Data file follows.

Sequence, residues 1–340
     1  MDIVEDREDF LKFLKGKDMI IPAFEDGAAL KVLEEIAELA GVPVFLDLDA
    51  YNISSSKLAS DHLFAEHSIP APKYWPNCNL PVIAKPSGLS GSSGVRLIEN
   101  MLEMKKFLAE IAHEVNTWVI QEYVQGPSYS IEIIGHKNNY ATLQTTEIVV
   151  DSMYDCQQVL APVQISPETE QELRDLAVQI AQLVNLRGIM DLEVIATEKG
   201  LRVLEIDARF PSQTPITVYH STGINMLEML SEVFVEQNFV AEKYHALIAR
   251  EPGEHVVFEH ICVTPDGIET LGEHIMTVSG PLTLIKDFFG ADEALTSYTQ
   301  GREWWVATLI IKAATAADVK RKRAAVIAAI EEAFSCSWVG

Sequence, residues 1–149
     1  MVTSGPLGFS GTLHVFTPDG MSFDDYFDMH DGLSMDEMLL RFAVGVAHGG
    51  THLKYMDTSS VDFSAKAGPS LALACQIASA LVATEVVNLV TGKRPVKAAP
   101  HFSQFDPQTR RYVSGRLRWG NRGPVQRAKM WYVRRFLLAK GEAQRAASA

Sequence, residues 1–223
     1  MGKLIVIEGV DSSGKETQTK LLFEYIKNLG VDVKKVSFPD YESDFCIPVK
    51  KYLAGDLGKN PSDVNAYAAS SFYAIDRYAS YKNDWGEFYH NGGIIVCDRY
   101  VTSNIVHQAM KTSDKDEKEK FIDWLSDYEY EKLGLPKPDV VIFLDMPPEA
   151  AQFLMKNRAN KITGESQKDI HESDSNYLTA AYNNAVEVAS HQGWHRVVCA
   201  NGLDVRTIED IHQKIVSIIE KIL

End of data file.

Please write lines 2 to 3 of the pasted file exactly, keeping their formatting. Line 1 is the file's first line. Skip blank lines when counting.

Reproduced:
     1  MDIVEDREDF LKFLKGKDMI IPAFEDGAAL KVLEEIAELA GVPVFLDLDA
    51  YNISSSKLAS DHLFAEHSIP APKYWPNCNL PVIAKPSGLS GSSGVRLIEN